VIDEO: Kenneth Grange explains why the InterCity 125 looks like it does
Renown designer Sir Kenneth Grange has been speaking of his pride at his role in the development of one of Britain’s iconic trains.
Sir Kenneth, 84, who lives in Okehampton, was knighted in May. He is one of the UK’s leading designers, responsible for some of the most recognisable products including Britain’s first parking meter and the London taxi.
Rail lovers know him as the designer of the InterCity 125.
Speaking to The Guardian’s G” section, he said: “I wasn't a rail person. I'd designed the Kenwood Chef and the Kodak Instamatic camera and was brought in to do a paint job: to put the BR livery on the engine.
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“In those days, locomotives were big, ugly, blunt-nosed things, and the impact of what was basically a wall of steel entering a tunnel was damaging the brickwork. So without telling anyone, I decided to redesign it.
“The idea to give it a streamlined front came from racing cars, which were elegantly designed. It was more a question of what I thought would go fast rather than what I knew, but I worked with an aerodynamic engineer, we built a model and tested it in a wind tunnel.
“The photographs looked convincing, and the board listened.”
There had been several unreported incidents of driver fatalities from locomotive front windows being smashed by boys tying string round a brick and hanging it off bridges, said Sir Kenneth, so his design had to allow for armoured glass.
“I first put in a small window through which one driver could see all he needed, but when the prototype set a world record for a diesel engine - 143.2mph in May 1973 - the unions insisted on there being two men in the cab sitting side by side at anything above 100mph,” he said.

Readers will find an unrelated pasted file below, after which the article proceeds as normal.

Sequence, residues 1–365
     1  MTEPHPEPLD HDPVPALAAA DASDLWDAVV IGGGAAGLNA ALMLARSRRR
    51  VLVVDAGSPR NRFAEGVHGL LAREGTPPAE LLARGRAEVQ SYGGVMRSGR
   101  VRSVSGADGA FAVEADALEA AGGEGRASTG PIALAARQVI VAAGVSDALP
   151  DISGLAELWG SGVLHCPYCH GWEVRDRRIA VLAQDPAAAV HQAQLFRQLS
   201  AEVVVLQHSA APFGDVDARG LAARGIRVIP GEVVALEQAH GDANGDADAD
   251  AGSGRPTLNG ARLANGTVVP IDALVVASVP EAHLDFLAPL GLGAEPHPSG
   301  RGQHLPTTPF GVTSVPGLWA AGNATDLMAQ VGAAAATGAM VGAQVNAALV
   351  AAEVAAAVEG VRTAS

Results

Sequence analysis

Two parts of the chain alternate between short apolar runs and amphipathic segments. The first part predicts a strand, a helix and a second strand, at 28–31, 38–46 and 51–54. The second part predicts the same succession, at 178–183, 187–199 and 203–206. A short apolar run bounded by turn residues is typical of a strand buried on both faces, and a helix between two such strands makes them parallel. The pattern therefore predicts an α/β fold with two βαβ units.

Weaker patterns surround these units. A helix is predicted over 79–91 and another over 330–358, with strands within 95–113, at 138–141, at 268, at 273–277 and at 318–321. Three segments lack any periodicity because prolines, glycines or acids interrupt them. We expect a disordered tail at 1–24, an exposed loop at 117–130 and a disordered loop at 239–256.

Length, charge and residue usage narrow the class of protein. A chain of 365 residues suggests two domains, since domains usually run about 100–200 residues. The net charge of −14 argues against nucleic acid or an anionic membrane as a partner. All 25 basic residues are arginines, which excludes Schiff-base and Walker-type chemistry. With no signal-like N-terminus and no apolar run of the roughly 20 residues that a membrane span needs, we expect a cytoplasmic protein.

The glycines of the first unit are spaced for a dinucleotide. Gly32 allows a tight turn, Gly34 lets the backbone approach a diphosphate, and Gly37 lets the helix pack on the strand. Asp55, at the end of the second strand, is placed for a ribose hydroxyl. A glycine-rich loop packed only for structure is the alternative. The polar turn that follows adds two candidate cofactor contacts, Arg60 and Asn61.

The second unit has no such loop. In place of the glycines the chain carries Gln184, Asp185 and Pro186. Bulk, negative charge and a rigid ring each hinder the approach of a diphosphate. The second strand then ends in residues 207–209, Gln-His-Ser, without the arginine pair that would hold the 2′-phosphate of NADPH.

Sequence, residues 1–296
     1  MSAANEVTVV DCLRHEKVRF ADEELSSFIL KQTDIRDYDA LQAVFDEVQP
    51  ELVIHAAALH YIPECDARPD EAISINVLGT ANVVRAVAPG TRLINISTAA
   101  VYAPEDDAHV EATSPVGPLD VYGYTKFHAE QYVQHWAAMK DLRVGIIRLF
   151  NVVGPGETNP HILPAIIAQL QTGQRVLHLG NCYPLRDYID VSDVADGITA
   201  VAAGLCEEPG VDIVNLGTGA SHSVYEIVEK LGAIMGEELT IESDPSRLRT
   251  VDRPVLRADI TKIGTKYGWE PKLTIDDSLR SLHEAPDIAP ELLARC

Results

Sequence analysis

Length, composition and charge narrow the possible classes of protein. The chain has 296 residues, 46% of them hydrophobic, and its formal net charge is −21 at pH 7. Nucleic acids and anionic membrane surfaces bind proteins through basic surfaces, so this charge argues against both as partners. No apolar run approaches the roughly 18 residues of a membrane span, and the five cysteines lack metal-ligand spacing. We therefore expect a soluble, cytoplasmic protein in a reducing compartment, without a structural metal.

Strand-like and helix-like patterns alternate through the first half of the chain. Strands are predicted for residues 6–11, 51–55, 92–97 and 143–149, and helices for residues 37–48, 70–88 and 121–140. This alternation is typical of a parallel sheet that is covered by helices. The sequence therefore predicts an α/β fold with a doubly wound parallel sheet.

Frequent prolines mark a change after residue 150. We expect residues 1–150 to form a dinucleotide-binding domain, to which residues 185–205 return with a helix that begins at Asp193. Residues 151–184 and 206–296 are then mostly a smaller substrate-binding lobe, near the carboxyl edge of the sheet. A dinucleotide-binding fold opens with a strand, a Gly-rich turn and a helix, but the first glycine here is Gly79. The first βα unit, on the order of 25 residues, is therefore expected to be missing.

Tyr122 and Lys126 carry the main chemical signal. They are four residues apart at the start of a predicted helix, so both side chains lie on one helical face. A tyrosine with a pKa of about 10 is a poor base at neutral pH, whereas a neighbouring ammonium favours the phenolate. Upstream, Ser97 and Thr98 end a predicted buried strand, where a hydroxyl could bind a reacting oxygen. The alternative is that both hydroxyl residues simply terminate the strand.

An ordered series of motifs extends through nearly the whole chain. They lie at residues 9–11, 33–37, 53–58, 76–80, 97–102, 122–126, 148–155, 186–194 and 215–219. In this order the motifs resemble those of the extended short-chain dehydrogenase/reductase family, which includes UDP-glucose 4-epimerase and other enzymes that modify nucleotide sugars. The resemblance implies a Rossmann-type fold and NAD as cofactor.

“At first, we were going to have to use two pieces of flat glass angled towards a central bar, but then Pilkingtons developed a bigger single piece: not only was this better for visibility and aerodynamically, it gave the train that distinctive look.”
In a ground-breaking move, the InterCity 125 was made of very robust moulded plastic, not sheet metal.
“Also, with conventional trains, coaches were pulled or pushed by a locomotive – but our train would have a power car at each end, a clever piece of engineering.,” said Sir Kenneth.
“One day, I asked the chief engineer: "What do the buffers do?" He pointed out that because our engine car would never be pushing anything, it didn't need them. So we took them off, and that became part of the iconic look.
“The distinctive yellow nose was to warn people working on the track that this bloody great thing was coming.
“Next came the seats, which had to be lighter for more speed. I wanted to use a sort of mesh netting, but in those days football hooligans used to take over trains and cut up the upholstery with Stanley knives. So I used strong material and moulded armrests, which has been the convention ever since.
“In those days, carriage doors opened via a handle on the inside, but some silly buggers had leaned against them and managed to fall out, so the InterCity used central locking.”
He added: “I'm 84 now and the design will see me out. I live in Devon, and the train connects me and London. When I see one, the old chest puffs up with pride.”